Last summer, we shared with you our new Maximizing Opportunities for Scientific and Academic Independent Careers (MOSAIC) funding opportunity announcements (FOAs). MOSAIC, which NIGMS oversees, is part of NIH’s efforts to enhance diversity within the academic biomedical research workforce. It’s designed to facilitate the transition of promising postdoctoral researchers from diverse backgrounds into independent faculty careers at research-intensive institutions. The program has two components: a research education cooperative agreement (UE5) and a postdoctoral career transition award (K99/R00).
We’re pleased to announce that the initial MOSAIC UE5 awards have been made to the following organizations:
- American Society for Biochemistry and Molecular Biology
- American Society for Cell Biology
- Association of American Medical Colleges
These UE5 grants will support educational activities that equip MOSAIC K99/R00 scholars with professional skills and provide them with the appropriate mentoring and professional networks to allow them to transition into, advance, and succeed in independent academic research careers at research-intensive institutions.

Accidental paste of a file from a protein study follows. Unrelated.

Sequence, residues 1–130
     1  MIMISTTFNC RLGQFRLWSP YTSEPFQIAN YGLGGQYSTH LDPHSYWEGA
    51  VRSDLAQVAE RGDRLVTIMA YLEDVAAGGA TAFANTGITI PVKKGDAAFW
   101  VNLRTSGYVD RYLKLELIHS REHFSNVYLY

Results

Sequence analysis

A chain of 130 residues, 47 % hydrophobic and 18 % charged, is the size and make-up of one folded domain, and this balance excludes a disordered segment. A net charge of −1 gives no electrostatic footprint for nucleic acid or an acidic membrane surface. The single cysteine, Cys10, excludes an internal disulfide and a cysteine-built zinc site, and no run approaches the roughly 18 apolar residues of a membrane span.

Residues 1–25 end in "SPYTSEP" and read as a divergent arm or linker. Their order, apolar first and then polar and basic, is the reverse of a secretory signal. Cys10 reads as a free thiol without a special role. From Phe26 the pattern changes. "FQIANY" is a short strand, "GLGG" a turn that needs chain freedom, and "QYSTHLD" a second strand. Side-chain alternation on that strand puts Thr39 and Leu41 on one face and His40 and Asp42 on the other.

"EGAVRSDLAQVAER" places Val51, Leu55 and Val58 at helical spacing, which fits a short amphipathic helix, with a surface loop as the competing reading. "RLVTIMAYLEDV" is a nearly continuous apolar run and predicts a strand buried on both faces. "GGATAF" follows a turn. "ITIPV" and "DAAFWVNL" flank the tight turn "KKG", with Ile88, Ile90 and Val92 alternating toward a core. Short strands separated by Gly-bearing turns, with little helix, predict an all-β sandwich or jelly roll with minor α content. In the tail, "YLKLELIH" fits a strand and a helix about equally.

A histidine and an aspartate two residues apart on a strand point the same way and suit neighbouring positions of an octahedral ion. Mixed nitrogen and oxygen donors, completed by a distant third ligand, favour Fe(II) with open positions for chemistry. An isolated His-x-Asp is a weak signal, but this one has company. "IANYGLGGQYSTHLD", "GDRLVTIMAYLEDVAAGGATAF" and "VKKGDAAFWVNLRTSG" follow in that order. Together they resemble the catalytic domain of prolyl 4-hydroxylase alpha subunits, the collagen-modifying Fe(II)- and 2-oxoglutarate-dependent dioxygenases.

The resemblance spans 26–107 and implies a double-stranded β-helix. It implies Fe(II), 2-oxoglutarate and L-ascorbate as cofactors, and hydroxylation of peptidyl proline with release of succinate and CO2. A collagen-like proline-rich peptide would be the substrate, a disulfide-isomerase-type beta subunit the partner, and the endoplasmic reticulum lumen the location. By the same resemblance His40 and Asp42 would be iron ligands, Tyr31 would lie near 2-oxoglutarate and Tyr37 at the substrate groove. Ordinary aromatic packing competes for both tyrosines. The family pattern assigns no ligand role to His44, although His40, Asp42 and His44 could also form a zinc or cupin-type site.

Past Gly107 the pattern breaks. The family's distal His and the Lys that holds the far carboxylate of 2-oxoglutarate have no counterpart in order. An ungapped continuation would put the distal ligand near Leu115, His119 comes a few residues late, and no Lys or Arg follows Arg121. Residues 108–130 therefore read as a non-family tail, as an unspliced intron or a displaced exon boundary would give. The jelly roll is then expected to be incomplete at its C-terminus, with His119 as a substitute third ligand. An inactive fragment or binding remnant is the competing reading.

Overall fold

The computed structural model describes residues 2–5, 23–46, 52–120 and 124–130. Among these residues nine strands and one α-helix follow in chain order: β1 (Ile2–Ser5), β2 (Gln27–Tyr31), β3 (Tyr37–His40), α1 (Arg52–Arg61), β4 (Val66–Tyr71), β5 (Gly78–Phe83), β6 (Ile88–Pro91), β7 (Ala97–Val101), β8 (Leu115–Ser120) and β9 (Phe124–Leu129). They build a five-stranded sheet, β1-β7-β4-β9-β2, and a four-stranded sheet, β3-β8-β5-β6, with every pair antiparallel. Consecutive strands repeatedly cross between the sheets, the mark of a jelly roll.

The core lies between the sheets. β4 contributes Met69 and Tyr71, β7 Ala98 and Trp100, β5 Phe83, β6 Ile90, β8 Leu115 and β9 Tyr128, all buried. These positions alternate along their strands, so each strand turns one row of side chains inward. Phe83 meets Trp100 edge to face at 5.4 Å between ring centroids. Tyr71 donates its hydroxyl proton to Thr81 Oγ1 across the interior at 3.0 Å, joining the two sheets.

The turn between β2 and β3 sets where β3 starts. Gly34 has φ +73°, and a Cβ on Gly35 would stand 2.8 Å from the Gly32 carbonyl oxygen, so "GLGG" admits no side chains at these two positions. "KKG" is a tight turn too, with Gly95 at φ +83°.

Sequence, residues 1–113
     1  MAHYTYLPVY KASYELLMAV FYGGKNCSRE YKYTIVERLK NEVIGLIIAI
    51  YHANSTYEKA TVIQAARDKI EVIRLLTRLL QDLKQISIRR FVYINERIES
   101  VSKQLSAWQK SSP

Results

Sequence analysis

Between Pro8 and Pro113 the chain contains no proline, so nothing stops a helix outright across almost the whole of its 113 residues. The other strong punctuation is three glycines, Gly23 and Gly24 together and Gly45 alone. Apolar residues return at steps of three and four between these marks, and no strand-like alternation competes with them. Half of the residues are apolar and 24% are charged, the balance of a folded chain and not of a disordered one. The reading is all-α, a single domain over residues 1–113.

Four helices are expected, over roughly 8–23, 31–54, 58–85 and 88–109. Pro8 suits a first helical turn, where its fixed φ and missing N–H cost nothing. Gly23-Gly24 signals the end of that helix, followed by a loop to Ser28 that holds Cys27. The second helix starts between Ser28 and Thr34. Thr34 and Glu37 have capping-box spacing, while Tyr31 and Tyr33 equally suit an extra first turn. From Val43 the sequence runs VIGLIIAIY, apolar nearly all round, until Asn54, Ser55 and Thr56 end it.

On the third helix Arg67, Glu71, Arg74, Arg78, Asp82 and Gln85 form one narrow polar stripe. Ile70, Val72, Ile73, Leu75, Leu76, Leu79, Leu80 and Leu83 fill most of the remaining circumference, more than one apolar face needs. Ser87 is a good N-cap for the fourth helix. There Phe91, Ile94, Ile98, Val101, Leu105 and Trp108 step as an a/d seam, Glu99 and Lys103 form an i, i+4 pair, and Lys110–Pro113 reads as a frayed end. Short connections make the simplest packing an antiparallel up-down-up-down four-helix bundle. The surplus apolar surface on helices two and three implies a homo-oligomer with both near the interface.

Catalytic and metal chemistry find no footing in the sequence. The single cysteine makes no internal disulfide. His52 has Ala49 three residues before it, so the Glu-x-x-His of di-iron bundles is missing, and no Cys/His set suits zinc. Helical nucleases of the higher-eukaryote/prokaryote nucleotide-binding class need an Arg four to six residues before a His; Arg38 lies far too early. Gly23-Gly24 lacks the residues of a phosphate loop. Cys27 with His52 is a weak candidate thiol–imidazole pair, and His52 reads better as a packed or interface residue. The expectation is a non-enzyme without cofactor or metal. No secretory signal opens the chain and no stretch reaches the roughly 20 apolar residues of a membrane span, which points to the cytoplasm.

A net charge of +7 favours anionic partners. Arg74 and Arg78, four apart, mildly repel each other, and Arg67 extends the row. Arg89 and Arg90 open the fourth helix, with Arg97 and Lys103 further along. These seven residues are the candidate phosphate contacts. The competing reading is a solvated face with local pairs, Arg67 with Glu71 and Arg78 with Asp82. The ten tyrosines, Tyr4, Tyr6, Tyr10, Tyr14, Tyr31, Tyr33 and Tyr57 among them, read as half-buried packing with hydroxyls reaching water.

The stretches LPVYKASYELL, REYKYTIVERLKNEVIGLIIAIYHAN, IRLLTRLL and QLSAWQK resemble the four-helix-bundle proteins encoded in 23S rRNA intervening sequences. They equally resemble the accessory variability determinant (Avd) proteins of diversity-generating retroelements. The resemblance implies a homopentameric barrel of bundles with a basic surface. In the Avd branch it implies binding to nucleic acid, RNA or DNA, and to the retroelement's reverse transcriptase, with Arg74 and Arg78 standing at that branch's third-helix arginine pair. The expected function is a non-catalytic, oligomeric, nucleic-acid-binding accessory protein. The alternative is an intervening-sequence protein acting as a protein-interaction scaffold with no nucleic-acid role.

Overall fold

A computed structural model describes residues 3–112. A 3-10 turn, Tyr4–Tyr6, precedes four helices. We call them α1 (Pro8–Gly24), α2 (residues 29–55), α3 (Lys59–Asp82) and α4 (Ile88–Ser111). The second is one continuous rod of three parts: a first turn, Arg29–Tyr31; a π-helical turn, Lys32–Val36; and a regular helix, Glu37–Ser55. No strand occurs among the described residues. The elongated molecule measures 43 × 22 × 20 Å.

The next application receipt date for the UE5 is November 2, 2020. While NIGMS doesn’t intend to fund additional UE5 awards for the upcoming receipt date, four other NIH institutes and centers (ICs) are participating in the program: the National Center for Complementary and Integrative Health; the National Heart, Lung, and Blood Institute; the National Institute of Mental Health, and the National Library of Medicine. We encourage scientific societies interested in partnering with NIH on this effort to reach out to the scientific/research contacts listed in the FOA to learn more.
We’re also pleased to share that there are currently 15 NIH ICs participating in the MOSAIC K99/R00 award. NIH accepts applications for this award three times per year (similar to the parent K99), and the next application receipt date is October 12, 2020. We’re encouraged that for the first two application cycles, more than 75% of the applications received have come from scientists from historically underrepresented racial/ethnic groups, and more than 75% have come from women from all racial/ethnic backgrounds, demonstrating the strong and diverse pool of promising postdoctoral scientists conducting research within the NIH mission.
If you’re a postdoc interested in the MOSAIC program, but your research falls within the mission of an IC that is not participating, we encourage you to reach out to us to discuss your options.